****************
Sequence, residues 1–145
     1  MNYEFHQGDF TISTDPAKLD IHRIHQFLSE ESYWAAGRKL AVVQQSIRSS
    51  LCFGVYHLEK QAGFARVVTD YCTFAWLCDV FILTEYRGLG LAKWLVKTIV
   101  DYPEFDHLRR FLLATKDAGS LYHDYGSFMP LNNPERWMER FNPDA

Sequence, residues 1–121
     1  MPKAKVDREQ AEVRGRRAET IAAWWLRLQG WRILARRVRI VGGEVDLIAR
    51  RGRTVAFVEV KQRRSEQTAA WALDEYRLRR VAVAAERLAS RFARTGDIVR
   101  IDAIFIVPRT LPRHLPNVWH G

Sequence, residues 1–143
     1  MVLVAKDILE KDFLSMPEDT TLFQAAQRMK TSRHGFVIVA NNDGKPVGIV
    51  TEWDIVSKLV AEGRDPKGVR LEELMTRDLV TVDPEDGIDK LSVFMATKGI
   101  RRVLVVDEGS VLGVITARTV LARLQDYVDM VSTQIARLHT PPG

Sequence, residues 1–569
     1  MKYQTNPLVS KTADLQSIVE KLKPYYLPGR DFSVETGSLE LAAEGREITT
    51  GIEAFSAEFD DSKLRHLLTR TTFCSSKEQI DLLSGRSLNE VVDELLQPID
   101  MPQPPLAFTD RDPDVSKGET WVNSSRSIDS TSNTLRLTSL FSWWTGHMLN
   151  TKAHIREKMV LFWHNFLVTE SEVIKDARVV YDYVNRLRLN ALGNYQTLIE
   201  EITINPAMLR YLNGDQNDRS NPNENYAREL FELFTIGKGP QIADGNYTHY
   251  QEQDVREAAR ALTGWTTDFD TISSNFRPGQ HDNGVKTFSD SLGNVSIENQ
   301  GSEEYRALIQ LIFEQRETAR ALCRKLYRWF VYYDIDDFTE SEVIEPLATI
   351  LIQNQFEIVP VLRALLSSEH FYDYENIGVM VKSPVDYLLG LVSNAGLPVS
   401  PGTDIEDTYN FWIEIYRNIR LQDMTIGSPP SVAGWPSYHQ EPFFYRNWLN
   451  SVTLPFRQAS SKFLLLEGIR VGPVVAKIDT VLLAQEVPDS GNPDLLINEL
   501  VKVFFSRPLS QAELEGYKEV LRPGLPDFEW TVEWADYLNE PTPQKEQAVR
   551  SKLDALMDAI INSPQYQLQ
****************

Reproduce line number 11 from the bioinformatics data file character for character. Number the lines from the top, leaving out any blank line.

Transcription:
    51  TEWDIVSKLV AEGRDPKGVR LEELMTRDLV TVDPEDGIDK LSVFMATKGI